Lincolnville dumped on again
This story first appeared in The Coast on Aug 7, 2008:
As residents next to provincial dump can’t seem to air concerns to any level of government, the stink of environmental racism grows stronger.
By Chris Benjamin
Maybe, like Kanye West’s explanation for George Bush’s inaction during the Katrina disaster, our government doesn’t care about black people.
Maybe that’s why it keeps putting dumps in Nova Scotian communities such as Lincolnville, a small rural black community in Guysborough County. In the 1970s a first-generation dump was put there with no community consultation. A first-generation dump is built the old-fashioned way, with no lining or containment system and no plan for when toxins leak into the water supply.
Why Lincolnville? Because the dump in Sunnyville, another rural black community, burned up in a methane fire. “So they moved it to Lincolnville,” says resident Wendy Campbell. She has been trying to get somebody, anybody, at some level of government to listen to her community since a second dump was sited there in 2006.
Mark Butler, policy director for the Ecology Action Centre, says this is no coincidence. “The community was betrayed with the first dump and feels the same on the second. Waste is trucked in from northern Nova Scotia and Cape Breton, and Lincolnville is getting little back in socio-economic benefit.”
Butler feels that the province should pay for independent testing of the site for all potential contaminants. “But first, the province needs to come in and say, ‘We understand one of your concerns is water quality, let’s address that. We’ll pay for independent verifiable tests and you can consult with other experts on the methodology used.'”
Some might point out that there are dumps in predominantly white communities, too. Sackville makes an interesting comparison. “Sackville landfill closed a number of years ago,” Butler notes, “because of that community’s concerns. There was compensation given to residents and the site was moved.”
In Lincolnville, residents have become increasingly concerned with all the cadmium, phenol and toluene in their surface and groundwater, all above upper limits. What concerns residents even more are all the chemicals that haven’t been tested for.
“Everything that society packaged went in that dump, including transformers and refuse from offshore oil spills,” Butler says. “Fifteen thousand bags of oily waste went in there,” from the oil tanker Kurdistan which created a serious oil spill in 1979.
Yet the province, which approved and regulates the dump, has never tested material actually leaching out of it. Nor has it tested Lincolnville wells for contaminants associated with landfills, according to Butler. ” would be liable if there was contamination,” he says.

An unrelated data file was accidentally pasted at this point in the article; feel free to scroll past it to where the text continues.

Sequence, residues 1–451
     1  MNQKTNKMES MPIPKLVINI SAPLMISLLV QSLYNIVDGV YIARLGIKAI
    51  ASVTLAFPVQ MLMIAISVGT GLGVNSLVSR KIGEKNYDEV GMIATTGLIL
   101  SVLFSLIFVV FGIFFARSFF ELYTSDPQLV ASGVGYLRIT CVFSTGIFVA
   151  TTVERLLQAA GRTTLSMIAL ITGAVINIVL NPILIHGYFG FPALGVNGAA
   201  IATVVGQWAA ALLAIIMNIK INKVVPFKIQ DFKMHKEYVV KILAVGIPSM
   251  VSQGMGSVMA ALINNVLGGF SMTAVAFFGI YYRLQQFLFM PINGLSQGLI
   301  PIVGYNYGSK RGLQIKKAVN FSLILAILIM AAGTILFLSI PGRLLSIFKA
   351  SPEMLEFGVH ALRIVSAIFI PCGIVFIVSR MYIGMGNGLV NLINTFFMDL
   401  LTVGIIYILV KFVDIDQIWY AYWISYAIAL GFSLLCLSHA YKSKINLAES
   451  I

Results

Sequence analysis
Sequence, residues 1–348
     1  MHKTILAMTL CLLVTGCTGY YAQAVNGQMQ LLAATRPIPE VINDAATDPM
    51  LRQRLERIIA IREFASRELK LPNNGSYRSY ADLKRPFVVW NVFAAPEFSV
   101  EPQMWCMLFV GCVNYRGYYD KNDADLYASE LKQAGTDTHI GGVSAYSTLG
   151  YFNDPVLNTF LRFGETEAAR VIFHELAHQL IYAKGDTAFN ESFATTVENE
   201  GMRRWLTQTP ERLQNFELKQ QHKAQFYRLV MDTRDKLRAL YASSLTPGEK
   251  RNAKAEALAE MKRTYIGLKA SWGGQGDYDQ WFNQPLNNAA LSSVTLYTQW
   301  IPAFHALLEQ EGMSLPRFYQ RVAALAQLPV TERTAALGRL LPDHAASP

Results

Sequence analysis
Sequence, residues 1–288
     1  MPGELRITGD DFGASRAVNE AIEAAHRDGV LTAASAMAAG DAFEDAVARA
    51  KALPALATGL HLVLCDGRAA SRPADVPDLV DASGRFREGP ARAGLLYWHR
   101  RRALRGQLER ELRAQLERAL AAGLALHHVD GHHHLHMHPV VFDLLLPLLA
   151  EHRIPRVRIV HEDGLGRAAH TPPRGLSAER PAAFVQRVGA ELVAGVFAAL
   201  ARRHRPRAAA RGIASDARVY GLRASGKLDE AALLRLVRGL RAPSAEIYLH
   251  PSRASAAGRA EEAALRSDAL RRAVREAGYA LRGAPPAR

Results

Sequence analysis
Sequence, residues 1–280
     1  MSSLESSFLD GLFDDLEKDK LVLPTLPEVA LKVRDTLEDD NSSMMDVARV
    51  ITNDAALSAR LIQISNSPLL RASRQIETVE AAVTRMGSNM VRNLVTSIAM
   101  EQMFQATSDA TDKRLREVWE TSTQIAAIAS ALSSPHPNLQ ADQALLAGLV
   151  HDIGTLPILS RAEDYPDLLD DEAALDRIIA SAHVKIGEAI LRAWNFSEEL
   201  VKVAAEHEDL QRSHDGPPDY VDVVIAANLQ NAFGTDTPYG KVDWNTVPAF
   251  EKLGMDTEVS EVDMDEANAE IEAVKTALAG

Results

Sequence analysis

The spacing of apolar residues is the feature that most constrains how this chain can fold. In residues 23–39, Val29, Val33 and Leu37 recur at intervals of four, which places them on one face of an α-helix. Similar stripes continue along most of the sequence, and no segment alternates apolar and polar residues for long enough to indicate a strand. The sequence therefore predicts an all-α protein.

“They say is state of the art,” Campbell says, “but meanwhile the first one may be killing us.” In February she and fellow resident James Desmond organized a march on the dump of about 50 residents and supporters from around the province. In 30 minutes they managed to turn back two of the 30 or so trucks that unload garbage there every day.
Since that time, residents have repeatedly requested answers from the Municipality of Guysborough and the province about why so many of them are getting sick. Desmond and Campbell have noted that there are exceptionally high rates of cancer in their community—each has lost neighbours and family members. “But we’ve heard nothing from anyone this whole time,” Campbell says.
The EAC reviewed the impacts of the dump on the natural environment and the health of the people of Lincolnville, and raised numerous concerns in a June 11 letter to environment minister Mark Parent. A copy was also sent to African-Nova Scotian affairs minister Barry Barnet. Still no response.
Instead, residents received a survey from the municipality. “They wanted to put a water well treatment and storage facility in the community,” Campbell explains. “They did a survey asking the community if they were willing to pay for it.”
Campbell wonders why Lincolnville residents should have to pay to clean up after someone else’s garbage in a dump they never wanted. “Our community is made up mostly of elders and people on a fixed income.”
The community answered the survey with a “no.” “But they signed documents to place the well in the community without our consent,” Campbell says. Now she and Desmond are trying to meet with the Lincolnville Community Development Association, which she says has not met in two years.
Laden with toxic fears, Lincolnville residents are struggling for the survival of their community. “Here you have culture, a place to celebrate our heritage. You have a village bond and you feel safe,” says Campbell. “Nobody wants to give up this land—my mother worked so hard to put our home here—but now I might be forced off. We just want the government to pay attention to what we’re saying—to stop playing us like we’re second-class citizens.”
As we celebrate Nova Scotia as the birthplace of Canadian democracy, you wouldn’t think it would be so hard for a community to get a response from the province. But it’s a little busy right now playing see-no-evil-hear-no-evil la-la-la-I-can’t-hear-you.